Frequently Asked Questions

What is the Tassy Walden Award and why is it significant?

The New Voices in Children’s Literature Tassy Walden Award provides recognition for new writers and illustrators of children’s literature who live in the state of Connecticut. It is sponsored by the Shoreline Arts Alliance and was an important validation to my writing at a critical time. Even though it is not a huge, famous award, it was foundational for me as a writer and I will always be grateful to have received this honor.

Who judges the Tassy Walden Award?

The judges of the Tassy Walden Award are publishing industry experts who—as stated on the Shoreline Arts Alliance website—judge on “the basis of literary and/or artistic merit and quality.” In evaluating writing, judges consider excellence achieved for “establishment of the theme; plot development; character development; depiction of setting; suitability of material for a child audience; overall presentation, including clarity, accuracy and organization of material.” Candlewax took first place in the young adult category.

Candlewax is for readers age 12 and up. Would middle grade readers like it as much as young adult readers?

Absolutely. I don’t think it matters how old you are or if you are a guy or a girl. Mindset is more important. Either you are ready to enter the story or you’re not—it’s an adventure.

Is Candlewax your first book?

Candlewax is my first published book. I have a couple more in a drawer. I heard one scratching around the other day trying to get out.

Candlewax had two editors. What was that like?

The first editor had a deep sense of the worthiness of the story and totally believed in the book, taking it under her wing and making sure that I didn’t lose faith. The next editor, who hails from the New York Publishing Establishment, was cheerfully murderous, killing pages and whole chapters at time. I saw her picture in the Post Office just the other day. With her decades of experience editing, she brought a whole different perspective to the task. Her instincts were spot on. Both editors were crucial to Candlewax and fun to work with. I am one lucky writer!

Do you have an agent?

No, not in the traditional sense of the word. My publisher, a start-up named Terabyte Press, owns world rights for Candlewax. I work with an outstanding intellectual property attorney and I have an author-beneficial contract with Terabyte. Publishing with Terabyte is a win-win situation. Subsidiary rights such as world rights for foreign language translation, book clubs, film, etc. are available through the wonderful Rebecca Mancini at RightsMix, and she in turn works with some of the best international agents out there.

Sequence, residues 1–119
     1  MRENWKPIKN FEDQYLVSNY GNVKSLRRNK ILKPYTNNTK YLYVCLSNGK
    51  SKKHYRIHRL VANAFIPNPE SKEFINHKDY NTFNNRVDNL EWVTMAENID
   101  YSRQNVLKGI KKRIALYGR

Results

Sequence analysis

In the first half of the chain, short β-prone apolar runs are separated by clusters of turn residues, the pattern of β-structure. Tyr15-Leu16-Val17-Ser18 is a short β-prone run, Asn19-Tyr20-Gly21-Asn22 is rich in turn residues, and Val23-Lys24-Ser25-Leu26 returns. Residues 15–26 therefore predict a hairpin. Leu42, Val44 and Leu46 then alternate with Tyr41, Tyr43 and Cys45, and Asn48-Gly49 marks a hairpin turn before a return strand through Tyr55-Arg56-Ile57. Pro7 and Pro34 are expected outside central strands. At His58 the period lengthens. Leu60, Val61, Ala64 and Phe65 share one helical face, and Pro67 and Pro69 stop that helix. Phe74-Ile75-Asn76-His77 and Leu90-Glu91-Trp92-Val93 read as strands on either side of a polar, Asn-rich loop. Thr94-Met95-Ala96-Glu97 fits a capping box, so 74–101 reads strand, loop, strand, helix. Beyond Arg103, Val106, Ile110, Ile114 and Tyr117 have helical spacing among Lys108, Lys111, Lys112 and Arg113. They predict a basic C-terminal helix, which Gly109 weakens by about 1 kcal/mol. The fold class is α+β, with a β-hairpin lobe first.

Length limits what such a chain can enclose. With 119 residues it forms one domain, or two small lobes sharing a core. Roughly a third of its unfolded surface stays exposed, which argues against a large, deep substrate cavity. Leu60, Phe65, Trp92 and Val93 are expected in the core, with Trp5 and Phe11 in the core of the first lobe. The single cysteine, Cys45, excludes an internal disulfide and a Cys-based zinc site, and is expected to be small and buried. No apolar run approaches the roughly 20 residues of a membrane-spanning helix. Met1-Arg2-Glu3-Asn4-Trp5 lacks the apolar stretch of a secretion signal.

NBAQ (Never-Before-Asked-Questions)

How do you know when a book is done?

It’s like broiling something in the oven. You have to watch it very carefully. One moment it’s raw, and the next it’s burnt. Ultimately it has to feel right to me and to the editors. Readers have different perspectives: One reader might love battles and someone else would prefer to skip the fight-to-the-death part of the story—it’s often a matter of preference. There are a lot of people on this planet, and if some of them find enjoyment in reading my stories, then that is fulfilling to me as a writer. If they like most of Candlewax but not all of it, well, that’s just fine—I appreciate every reader. And for those readers who love Candlewax, you would not believe how much that means to me.

“Catherine is a very strong character” appears in so many reviews of Candlewax. Are you a feminist?

Most troubles in the world would be solved if women were more valued and allowed to bring forth their special brand of sanity. But, if you pay attention to Candlewax, you’ll see that I support both genders. Both men and women should be strong, especially in a world like Candlewax! There’s no reason that a man can’t be tender and respectful to women and vice-versa. I think that readers who like a strong female protaganist will also like the courage and skill of the warrior-king, Cyril—which is why I think Candlewax appeals to both male and female readers.

What does the C. stand for in C. Bailey Sims?

I’m keeping that a mystery for now.